• TinkeringTinkering is a skill that we need to learn ourselves – and constantly improve, and try to teach others. Gaming is huge because individuals are allowed to fail several times over and learn how to win and succeed. Foster an environment in your instruction interactions where it is ok to fail, or not do things the “right way” in order to get individuals to learn for themselves, and feel confident. One of the biggest issues I see in classes is students struggle with being able to research what they want to. They have not had that level of freedom before. They want their professors to tell them what to study. It’s confusing for them at first, and it takes them a long time to get comfortable researching their own interests. I’m not going to assign a topic. I want them to bring the topic. A topic that they are interests them, that effects them personally, a topic that they want to pursue, a topic that they are passionate about. A problem that they want to solve. What I imagine is that if students and learners come together and are all reviewing the same data that was just published, and they are all looking at this data with “untrained” eyes and different perspectives, different dispositions, and different knowledge – that is what is going to lead us to innovations. If we all had the same training and we all had the same knowledge and perspectives, or are told that those perspectives are incorrect, that will lead to fewer innovations. Libraries are the perfect place to allow individuals to cultivate their own dispositions. They are allowed to explore whatever they want, no matter what their age.
  • Libraries have always been very good at fostering serendipitous moments. Solutions? More questions.
  • Researchers are creating massively collaborative solutions to big problems.Using social media, mobile tools, they are trying to solve big problems. Invited everyone in the world to post their ideas about how to solve those problems – “easy minds would make easy work” The Polymath Project. Mobile tools/online tools amplify our knowledge like physical tools amplify our strength, such as a pulley moving something large.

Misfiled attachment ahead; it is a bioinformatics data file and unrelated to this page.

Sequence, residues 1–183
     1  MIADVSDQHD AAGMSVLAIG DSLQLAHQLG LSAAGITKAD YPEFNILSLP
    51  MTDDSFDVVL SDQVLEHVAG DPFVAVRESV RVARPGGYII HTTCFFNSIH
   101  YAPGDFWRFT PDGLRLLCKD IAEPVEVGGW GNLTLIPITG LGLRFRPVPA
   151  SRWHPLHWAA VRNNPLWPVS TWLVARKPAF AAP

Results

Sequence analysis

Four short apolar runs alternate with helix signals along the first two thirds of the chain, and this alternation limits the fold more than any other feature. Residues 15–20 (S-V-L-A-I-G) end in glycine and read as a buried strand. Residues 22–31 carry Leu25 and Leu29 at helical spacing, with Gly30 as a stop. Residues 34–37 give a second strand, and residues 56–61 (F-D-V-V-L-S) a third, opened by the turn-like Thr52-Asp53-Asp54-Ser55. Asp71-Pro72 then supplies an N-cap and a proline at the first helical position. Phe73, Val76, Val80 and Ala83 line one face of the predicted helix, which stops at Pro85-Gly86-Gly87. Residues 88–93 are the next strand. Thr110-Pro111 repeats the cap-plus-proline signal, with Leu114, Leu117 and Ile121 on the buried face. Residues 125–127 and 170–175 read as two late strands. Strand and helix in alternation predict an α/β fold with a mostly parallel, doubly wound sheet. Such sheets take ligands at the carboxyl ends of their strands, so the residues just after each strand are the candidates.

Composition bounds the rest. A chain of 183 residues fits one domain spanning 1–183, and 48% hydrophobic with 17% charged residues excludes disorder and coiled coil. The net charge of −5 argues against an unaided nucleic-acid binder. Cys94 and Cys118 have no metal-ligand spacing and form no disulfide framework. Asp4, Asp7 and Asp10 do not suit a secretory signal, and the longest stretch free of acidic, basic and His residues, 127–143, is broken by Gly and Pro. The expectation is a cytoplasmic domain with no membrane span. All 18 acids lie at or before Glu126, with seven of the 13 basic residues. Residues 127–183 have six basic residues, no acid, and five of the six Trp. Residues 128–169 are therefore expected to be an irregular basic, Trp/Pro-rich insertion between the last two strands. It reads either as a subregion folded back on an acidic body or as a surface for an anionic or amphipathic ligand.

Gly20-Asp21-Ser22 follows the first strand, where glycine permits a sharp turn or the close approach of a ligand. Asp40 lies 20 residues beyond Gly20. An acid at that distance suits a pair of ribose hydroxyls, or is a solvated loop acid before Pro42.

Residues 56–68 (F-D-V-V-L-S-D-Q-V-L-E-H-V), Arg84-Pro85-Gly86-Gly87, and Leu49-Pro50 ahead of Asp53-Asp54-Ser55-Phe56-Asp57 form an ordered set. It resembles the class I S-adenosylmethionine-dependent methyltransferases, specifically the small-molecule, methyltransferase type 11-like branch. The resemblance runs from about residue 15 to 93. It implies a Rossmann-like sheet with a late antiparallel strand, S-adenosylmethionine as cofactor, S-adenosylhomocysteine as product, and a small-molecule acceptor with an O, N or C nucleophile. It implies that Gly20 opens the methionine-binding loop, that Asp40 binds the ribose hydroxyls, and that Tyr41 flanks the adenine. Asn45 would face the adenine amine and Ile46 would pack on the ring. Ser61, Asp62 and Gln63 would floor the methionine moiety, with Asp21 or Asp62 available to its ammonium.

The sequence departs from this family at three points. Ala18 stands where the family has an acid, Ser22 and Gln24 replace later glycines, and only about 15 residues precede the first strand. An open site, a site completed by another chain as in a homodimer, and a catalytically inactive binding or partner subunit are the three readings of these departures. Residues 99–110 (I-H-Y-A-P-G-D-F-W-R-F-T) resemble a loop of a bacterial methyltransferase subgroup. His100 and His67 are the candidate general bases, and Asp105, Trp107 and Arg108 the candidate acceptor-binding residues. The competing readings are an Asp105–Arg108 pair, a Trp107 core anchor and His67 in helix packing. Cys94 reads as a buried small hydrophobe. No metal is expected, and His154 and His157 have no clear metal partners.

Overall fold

• “Today we have new opportunities to share our knowledge in new ways. And the ability to create tools that actually allow us to solve problems in entirely new ways. So we need to have a second open science revolution.”He also says that this is a story about the potential for new opportunities by implementing the use of new tools to solve problems. He also points out that in science there are still many barriers to overcome. We may be familiar with this – and we may have our own barriers – but we will also need to overcome these barriers in order to help students and learners emerge to get the kinds of information literacy skills that they need in order to succeed in this new culture of learning. He recommends getting involved with an open science project. Or start an open science project. Work on entirely new ways of collaborating like the Polymath Project – and give credit to those who are practicing open science. Is isinconventional? Maybe, but it may be better. There is value in these new ways of working, and it takes bravery to do these things.